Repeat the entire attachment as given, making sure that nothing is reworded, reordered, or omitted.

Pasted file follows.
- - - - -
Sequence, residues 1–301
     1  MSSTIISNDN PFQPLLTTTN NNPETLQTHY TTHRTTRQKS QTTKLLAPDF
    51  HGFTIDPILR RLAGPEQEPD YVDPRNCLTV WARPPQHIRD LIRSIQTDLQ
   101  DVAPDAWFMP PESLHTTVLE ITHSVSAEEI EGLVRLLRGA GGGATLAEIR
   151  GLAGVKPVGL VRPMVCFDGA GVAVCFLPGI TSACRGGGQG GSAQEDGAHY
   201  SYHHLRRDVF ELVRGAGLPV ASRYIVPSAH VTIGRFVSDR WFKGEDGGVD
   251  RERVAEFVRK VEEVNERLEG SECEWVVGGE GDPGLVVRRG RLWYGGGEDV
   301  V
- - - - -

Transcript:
Sequence, residues 1–301
     1  MSSTIISNDN PFQPLLTTTN NNPETLQTHY TTHRTTRQKS QTTKLLAPDF
    51  HGFTIDPILR RLAGPEQEPD YVDPRNCLTV WARPPQHIRD LIRSIQTDLQ
   101  DVAPDAWFMP PESLHTTVLE ITHSVSAEEI EGLVRLLRGA GGGATLAEIR
   151  GLAGVKPVGL VRPMVCFDGA GVAVCFLPGI TSACRGGGQG GSAQEDGAHY
   201  SYHHLRRDVF ELVRGAGLPV ASRYIVPSAH VTIGRFVSDR WFKGEDGGVD
   251  RERVAEFVRK VEEVNERLEG SECEWVVGGE GDPGLVVRRG RLWYGGGEDV
   301  V